Yukon Moose Ends Long, Painful Curse
November 30, 2017
How deep was the water? I wondered. Could I jump out of the boat, dog-paddle while holding my bowstring in my teeth, and not cut the string? Maybe I could swim underwater with my bow in one hand, rise up like Rambo, and take the shot?
Drunk on testosterone, a massive bull moose was using long, effortless strides to cruise the shoreline at breakneck speed. After scent-checking a cow, he abandoned her like she was the ugliest cow in the Yukon. Oblivious to the boat and its four human occupants, the bull was getting away. I was desperate. Drowning was a risk I was willing to consider.
Outfitter Don Lind, of MacMillan River Adventures, was maneuvering the boat while guide Steve Cross cow-called. The bull kept steamrolling along, then casually turned up into the bush and disappeared. It was only Day Two of a 10-day moose hunt, but it felt like an opportunity lost. And I had good reason to be pessimistic.
This was my eighth moose hunt, and I had yet to kill a legal bull. My list of unsuccessful moose hunts included trips to Manitoba, Newfoundland, and Alberta. Then came my fateful 2008 Alaska hunt. I spent 20 days hunting moose with my mentor and then-Editor Dwight Schuh in an area that required a bull moose to have four brow tines, or be at least 50 inches wide. To make a long, painful story short, we spotted a bull and judged it to be over 50 inches. Dwight called the bull up out of his bed right to us. I made a perfect 51-yard shot, and the bull expired on camera. I was busting out all over with excitement over taking my first moose. Then we measured the antlers. They were only 49 inches wide. I used our satellite phone to self-report the incident. We paid $600 to fly the moose into Fairbanks, and the wildlife troopers cited me for the taking of a sublegal bull moose, confiscated the antlers and meat, and fined me $500.
I lost a lot of sleep over that mistake. But we published the story, "Almost Moose," in the March/April 2009 issue, and we aired a television episode telling the whole story. I took responsibility and made no excuses. Although the pain of that incident has subsided, it will never completely go away.
On the last day of a second moose hunt in Newfoundland in 2013, a good bull got away when my arrow deflected off a branch. Next stop â€” the Yukon. My 2014 hunt with Yukon Big Game Outfitters was derailed by a blizzard, with 15 inches of snow and temperatures in the single digits. It shut down the rut, and made the mountain slopes so crunchy I couldn't get close to a bull. In 2015, I went back to the Yukon to hunt with Don Lind at MacMillan River Adventures. My guides and I cruised the river for 10 days, but it was warm and the rut nonexistent.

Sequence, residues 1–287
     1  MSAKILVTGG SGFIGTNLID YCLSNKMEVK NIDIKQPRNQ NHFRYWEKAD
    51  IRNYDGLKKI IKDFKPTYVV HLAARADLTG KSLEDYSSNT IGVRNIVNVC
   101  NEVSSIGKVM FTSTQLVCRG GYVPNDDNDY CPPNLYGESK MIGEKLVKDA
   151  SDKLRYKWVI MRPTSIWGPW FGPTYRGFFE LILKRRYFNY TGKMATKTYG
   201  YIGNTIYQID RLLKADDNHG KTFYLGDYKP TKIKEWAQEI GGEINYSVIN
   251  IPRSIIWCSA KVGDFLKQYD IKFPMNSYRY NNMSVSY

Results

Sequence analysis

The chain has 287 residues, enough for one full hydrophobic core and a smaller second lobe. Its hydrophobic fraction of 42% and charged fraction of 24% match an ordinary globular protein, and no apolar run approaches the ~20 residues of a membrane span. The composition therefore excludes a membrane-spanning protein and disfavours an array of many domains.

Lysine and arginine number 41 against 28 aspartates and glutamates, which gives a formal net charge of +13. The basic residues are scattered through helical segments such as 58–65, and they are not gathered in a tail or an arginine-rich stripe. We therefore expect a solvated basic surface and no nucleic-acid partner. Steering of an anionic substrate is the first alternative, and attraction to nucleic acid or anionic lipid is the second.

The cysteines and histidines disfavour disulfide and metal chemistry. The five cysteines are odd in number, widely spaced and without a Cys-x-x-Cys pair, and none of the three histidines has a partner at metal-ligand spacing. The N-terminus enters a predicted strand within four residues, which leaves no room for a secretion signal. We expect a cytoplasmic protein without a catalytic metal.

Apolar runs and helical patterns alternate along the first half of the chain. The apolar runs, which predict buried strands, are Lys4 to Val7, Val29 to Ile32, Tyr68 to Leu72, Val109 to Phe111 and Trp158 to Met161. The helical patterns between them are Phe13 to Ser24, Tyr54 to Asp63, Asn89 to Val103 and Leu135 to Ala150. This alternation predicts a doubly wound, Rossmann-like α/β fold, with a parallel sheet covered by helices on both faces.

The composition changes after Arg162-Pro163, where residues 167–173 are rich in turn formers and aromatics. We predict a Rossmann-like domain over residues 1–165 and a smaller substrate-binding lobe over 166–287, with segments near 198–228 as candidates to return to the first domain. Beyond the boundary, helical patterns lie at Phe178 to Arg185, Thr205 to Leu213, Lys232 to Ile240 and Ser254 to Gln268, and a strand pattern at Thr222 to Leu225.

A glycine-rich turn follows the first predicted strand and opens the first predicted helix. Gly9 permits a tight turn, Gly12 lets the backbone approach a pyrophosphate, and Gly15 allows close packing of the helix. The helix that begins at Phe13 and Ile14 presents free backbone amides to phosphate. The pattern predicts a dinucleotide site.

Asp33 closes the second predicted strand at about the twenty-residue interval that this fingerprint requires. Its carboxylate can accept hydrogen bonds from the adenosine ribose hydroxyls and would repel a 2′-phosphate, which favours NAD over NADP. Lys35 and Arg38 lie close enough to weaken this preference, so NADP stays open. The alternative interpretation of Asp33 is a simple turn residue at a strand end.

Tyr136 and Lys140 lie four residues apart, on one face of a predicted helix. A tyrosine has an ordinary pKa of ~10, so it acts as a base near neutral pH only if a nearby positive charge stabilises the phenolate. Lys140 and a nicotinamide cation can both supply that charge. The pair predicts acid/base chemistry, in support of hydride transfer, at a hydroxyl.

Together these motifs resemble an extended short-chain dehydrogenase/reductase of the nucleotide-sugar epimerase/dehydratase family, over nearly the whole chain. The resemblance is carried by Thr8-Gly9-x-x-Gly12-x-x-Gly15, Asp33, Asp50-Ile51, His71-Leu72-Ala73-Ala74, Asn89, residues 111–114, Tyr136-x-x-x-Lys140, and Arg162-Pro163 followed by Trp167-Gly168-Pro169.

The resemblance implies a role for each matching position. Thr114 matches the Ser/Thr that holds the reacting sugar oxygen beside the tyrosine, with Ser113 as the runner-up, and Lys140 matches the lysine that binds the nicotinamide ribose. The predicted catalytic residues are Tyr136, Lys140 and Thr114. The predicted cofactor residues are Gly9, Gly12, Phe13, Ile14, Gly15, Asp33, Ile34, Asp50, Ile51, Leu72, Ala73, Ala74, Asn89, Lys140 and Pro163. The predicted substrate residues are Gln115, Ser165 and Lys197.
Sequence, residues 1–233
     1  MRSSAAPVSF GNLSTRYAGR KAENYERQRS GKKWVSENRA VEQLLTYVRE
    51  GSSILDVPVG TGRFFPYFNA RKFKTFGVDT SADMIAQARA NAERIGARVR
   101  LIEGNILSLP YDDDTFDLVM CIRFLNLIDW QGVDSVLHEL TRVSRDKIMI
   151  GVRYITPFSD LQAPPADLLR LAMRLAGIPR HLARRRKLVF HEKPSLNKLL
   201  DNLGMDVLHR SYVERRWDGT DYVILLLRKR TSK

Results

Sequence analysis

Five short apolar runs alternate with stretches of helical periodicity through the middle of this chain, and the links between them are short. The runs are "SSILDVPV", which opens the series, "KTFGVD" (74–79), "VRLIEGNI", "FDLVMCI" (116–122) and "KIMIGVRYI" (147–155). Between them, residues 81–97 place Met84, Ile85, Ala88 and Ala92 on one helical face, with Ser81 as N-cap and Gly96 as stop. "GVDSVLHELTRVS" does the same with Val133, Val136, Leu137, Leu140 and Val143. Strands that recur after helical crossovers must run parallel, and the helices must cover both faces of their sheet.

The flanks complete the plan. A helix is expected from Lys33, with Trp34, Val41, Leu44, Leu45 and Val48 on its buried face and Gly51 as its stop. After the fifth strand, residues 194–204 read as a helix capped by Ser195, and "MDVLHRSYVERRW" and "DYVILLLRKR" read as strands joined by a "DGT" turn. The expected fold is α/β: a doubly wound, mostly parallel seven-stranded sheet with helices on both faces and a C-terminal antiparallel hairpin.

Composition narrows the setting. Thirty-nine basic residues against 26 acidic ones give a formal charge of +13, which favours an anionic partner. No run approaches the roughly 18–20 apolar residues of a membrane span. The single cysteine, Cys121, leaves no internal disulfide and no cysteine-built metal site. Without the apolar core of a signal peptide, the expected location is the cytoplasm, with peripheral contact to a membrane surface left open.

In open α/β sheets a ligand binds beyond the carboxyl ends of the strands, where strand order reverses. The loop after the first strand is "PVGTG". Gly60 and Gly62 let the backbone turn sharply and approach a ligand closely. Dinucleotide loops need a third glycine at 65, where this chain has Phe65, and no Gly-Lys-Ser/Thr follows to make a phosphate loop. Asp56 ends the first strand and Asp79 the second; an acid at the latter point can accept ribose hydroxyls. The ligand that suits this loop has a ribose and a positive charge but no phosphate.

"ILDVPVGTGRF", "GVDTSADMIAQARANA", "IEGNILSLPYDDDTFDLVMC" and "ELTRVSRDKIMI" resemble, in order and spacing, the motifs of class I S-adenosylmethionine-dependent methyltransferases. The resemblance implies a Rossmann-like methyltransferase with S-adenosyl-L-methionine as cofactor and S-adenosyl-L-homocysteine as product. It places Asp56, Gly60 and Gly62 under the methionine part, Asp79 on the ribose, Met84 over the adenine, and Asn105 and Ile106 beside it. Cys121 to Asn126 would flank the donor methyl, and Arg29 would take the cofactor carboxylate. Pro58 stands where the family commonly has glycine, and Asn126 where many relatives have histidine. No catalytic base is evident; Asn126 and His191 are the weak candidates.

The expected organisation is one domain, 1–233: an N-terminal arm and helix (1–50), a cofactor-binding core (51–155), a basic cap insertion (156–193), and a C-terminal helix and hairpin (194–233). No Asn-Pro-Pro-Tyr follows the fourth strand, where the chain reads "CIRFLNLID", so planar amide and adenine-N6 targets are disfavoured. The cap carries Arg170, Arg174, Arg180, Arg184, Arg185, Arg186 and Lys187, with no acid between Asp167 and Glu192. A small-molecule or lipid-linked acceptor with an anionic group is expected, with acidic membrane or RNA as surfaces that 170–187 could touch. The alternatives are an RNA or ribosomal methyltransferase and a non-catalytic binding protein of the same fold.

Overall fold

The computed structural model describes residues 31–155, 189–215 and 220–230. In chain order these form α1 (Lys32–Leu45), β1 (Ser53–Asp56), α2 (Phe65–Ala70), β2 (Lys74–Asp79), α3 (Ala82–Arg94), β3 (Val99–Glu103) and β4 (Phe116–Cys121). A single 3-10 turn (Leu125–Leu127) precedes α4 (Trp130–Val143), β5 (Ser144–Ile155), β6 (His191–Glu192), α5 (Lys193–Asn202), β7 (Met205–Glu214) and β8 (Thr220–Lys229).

I caught a nasty bug on one of my flights and was sick and coughing for most of the hunt. On the tenth day, in three inches of fresh snow, a bull finally answered the call and strolled in to 27 yards. I was at full draw, waiting for the bull to take two more steps for a clear shot, when he caught our wind and slowly walked away. I was devastated and began to think maybe it was time to give up on moose. My moose jinx had devolved into a moose curse!
Then, in the spring of 2016, Don Lind invited me back. He was determined to help me kill the moose curse. I wasn't sure I could take the abuse, or the cost, of another failed moose hunt, but I couldn't pass up another chance to get it done.
Pressure is something all of us deal with, but it was compounding for me. I was feeling the normal pressure we all experience, plus the pressure of hunting for television â€” a cameraman following your every move, and an entire production company counting on you to finally kill a moose. And then there's my boss, Publisher Jeff Waring, who gave me yet another green light. I needed to kill a moose for Jeff.
Staring out the window of the turbo-charged Cessna Caravan, I was in full daydream mode, wondering if this would be my last crack at a moose. When the plane's floats kissed the surface of Earn Lake, I snapped back to reality. It was good to see Don and his wife, Jackie, again, and meet my guide Steve Cross. Steve is a regional superintendent of the Fish and Wildlife Enforcement Branch in Alberta, who takes vacation to guide moose hunters. I was in good hands.
As the seven other clients flew off from basecamp to their camps on various other lakes and rivers, I sat at the table in the cabin patiently waiting my turn.
"Curt, you're staying here with me and Steve on Earn Lake," Don said. I didn't react, prompting Don to say, "You don't look too excited."